The Stable Bow

Beautiful girl with rose petalsJuly is almost over and, with it, another round of Camp NaNoWriMo. Don’t ask me why I signed up to do it a second time, but I did, and I’ve just hit my word count goal – yay!

Over two months of writing – April and July Camp – I’ve ended up with 50,000 words and the bones of a vampire novel, Silver and Black. It’s taken some interesting turns, and I think it might turn out to be a not so bad story. But now I need to let it rest for a few weeks, while I focus on other things. (sorry Sacha!)

For it is school holidays, and I have a gorgeous girl at home with me. She’s still young enough that she wants to hang out with me, but I’m under no illusion that these days of cosy companionship are numbered, so I’ll take them while I can get them. She’s already starting to spread her wings and I’m having to step back and let her fly, remembering the words of Kahlil Gibran:

‘You are the bows from which your children as living arrows are sent forth… Let your bending in the Archer’s hand be for gladness; for even as He loves the arrow that flies, so He loves also the bow that is stable.’

I don’t doubt that we will always be close, but it is just that the level of closeness will change. All too soon she will want her own time, her own friends, her own way of doing things, and I just have to hope I’ve given her enough grounding that she can make sensible, capable decisions for herself.Β  I guess that’s what most parents would want.

When they are small and into everything, and you feel as though you will never ever get another moment to yourself, you look ahead to a time when they can do things for themselves, recalling vaguely how it felt to sit and read, or take a long shower uninterrupted, or go out whenever you feel like it. Yet now, as she approaches that independence, I find myself looking back to precious hours full of games and whispered confidences and small chubby hands, and I count my blessings that I was able to experience them with her.

I can have no more children – that’s just how it is for me. But I’ve been lucky to have one; many who want to are denied even that. So for now, I’m going to make the most of it.

And I remain the stable bow while she is the arrow that flies.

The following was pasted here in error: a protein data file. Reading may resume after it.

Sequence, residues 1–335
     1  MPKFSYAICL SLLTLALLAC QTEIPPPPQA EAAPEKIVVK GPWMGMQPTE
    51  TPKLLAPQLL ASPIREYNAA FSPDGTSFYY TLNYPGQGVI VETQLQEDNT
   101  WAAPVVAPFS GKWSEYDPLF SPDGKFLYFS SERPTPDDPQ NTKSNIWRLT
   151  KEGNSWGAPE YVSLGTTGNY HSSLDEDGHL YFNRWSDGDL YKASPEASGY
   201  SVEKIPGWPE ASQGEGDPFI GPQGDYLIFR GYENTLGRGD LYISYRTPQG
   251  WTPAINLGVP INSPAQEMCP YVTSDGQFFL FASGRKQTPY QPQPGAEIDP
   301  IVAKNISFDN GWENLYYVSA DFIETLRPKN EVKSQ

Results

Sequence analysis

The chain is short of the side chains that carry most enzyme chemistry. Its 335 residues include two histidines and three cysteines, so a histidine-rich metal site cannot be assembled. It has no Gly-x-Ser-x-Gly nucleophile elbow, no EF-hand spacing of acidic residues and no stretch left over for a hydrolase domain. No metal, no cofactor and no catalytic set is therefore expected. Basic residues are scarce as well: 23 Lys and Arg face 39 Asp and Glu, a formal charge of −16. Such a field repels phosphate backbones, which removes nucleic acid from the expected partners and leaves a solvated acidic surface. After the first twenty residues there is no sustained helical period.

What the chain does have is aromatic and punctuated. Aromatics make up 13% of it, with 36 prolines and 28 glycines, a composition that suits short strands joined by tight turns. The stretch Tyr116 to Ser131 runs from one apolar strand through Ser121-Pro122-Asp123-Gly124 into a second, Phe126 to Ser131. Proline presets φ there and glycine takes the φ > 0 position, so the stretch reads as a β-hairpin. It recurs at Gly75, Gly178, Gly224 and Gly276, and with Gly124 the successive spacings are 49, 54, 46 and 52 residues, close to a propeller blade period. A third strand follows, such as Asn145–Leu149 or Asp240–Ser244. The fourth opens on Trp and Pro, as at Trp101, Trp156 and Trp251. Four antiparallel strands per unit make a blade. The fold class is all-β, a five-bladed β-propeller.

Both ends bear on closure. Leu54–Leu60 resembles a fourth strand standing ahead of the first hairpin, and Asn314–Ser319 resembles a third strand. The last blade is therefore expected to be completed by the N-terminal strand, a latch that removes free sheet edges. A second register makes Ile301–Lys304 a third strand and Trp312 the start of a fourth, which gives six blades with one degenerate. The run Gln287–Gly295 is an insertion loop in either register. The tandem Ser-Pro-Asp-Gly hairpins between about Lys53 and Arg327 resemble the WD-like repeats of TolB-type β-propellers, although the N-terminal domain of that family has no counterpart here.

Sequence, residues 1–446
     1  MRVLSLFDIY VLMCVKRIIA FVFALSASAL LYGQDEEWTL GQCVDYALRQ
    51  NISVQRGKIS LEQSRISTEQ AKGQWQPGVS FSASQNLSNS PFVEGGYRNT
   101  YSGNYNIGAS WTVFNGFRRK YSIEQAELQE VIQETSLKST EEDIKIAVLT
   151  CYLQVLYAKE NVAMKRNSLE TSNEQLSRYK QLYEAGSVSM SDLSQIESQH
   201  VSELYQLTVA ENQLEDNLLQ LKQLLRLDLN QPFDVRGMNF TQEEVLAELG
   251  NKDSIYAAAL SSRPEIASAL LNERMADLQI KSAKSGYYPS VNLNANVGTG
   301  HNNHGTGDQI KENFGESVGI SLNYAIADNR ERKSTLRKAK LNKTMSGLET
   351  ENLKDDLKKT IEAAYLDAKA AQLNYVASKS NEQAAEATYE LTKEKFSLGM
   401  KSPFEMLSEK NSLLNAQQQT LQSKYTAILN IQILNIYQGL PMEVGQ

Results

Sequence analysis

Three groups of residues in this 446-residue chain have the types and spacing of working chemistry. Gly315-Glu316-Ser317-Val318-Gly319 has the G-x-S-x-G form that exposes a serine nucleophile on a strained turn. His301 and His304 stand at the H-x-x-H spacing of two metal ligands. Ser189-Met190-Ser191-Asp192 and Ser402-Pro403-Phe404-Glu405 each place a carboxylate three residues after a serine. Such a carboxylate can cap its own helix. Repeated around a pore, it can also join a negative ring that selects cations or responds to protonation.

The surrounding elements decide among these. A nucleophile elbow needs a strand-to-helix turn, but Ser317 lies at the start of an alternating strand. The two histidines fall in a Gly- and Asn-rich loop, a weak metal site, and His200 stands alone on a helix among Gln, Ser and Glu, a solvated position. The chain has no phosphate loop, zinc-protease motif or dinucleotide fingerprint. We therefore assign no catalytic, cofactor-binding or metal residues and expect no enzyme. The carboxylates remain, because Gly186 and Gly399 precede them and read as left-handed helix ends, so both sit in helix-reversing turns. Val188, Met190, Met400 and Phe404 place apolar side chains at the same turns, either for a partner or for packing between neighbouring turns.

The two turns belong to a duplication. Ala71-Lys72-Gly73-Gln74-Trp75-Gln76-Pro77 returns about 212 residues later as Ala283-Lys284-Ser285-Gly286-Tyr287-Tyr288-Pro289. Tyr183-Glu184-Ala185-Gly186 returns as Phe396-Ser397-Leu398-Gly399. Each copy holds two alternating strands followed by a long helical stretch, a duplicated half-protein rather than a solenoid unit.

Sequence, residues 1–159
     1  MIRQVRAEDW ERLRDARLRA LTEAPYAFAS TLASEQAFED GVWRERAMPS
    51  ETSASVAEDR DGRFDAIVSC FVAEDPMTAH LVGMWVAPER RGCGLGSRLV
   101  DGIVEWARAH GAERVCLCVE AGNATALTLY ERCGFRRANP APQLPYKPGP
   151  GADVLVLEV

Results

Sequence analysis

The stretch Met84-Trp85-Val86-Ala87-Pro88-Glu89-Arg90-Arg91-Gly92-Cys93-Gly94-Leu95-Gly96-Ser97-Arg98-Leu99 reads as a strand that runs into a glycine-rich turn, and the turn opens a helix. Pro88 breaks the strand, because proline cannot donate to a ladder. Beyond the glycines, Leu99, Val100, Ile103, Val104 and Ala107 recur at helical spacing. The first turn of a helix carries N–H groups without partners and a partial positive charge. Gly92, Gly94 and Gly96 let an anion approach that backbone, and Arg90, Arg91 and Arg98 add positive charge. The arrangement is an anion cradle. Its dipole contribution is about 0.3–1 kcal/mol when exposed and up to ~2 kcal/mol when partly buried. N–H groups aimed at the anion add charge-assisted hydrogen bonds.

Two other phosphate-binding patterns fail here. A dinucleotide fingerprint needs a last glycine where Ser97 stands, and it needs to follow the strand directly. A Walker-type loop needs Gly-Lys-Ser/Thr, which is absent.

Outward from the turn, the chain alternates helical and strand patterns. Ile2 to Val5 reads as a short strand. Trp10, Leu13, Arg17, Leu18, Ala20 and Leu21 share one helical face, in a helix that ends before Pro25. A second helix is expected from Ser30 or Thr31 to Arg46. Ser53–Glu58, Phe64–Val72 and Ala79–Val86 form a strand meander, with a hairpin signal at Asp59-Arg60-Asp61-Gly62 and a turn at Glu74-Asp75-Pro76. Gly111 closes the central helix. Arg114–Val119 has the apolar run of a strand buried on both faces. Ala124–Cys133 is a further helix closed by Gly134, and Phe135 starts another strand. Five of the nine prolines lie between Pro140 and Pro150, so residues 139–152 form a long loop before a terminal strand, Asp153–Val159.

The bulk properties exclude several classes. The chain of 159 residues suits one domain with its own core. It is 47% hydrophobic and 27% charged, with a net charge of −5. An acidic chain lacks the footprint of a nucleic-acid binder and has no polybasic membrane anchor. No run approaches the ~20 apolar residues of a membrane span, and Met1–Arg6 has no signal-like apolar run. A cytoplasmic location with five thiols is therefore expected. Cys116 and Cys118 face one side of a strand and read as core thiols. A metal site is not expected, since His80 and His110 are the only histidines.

26 thoughts on “The Stable Bow

    • Thanks Angelika. I love that everyone is agreeing with Sue’s comment πŸ™‚ It just reminds me how much more there is to look forward to. And there is a part of me that’s ready for change, definitely.

    • Thanks, Geoff πŸ™‚ It’s so nice, as I’ve commented to others, hearing from everyone that the process continues, even though change is inevitable. It’s very heartening. And the unconditional love is a given, definitely πŸ™‚

  1. What a beautiful post and ditto to Sue’s comment. Parenting is a constant letting go, but if we’ve done our job well, our children will return. I think they’re more like boomerangs than arrows!
    I’m sure you’ve given your daughter a sturdy launch pad from where she can take off and soar. x

    • Thanks Louise πŸ™‚ And haha to the boomerang comment, I know my brother and I were a bit guilty of that before we settled down. It’s lovely to hear that things are still good further along in the process, and I’m trying to count my blessings, rather than focusing on what is changing πŸ™‚

    • Thank you – it’s so lovely hearing from other people who’ve gone through this. I have enjoyed each stage so far, and I know there’s more to come – thanks for the reassurance πŸ™‚

  2. I’ve never read the quote before, but it’s beautiful. I’m at the opposite end of your story, and it is beautiful and sad at the same time. We spend diminishing amounts of quality time together, but she has her own life too.

    • Thanks Craig πŸ™‚ And that’s the perfect way to describe it, beautiful and sad – I can only imagine it gets more so. Makes me think a little more about my own parents now.

  3. I love that quote! Two of my three have entered the teen years, with the third only months away. We’ve just returned from our family vacation where I wanted to savor those moments that were spent in shared laughter (because there are also plenty of moments that are not).

    I am beginning to understand how my parents felt when I was a teen and never wanted to be home. It is an interesting cycle, but a cherished one.

    • Thank you πŸ™‚ Yes, absolutely – I am totally starting to understand what my parents went through with us, and I appreciate them even more now. It’s a great lesson in itself, and definitely a cherished cycle of life, as you say.
      I do enjoy The Prophet – we had the reading On Marriage at our wedding – I just find it to be full of wisdom and wonderful language, all at once πŸ™‚

  4. Outrageous. Letting it rest indeed. Okay, FINE whatever. Your post almost made me weepy so I’ll allow mother bonding time :p :p please don’t say they fly…. its too soon. It will always be too soon!

    • Just for a few weeks, Sacha – just while I finish the edit on A Thousand Rooms, and figure out the structure issue I’m having with Under Stone – then I’ll go back to it again.
      And yes, it’s always too soon. But you have to let them fly eventually – I’m just working on accepting that now πŸ™‚

  5. Awesome progress made with your book. Congrats on that. Also I’m a parent now as well, but I can only hope to be what you are to your daughter; like bow and arrow. Nice post, Helen.

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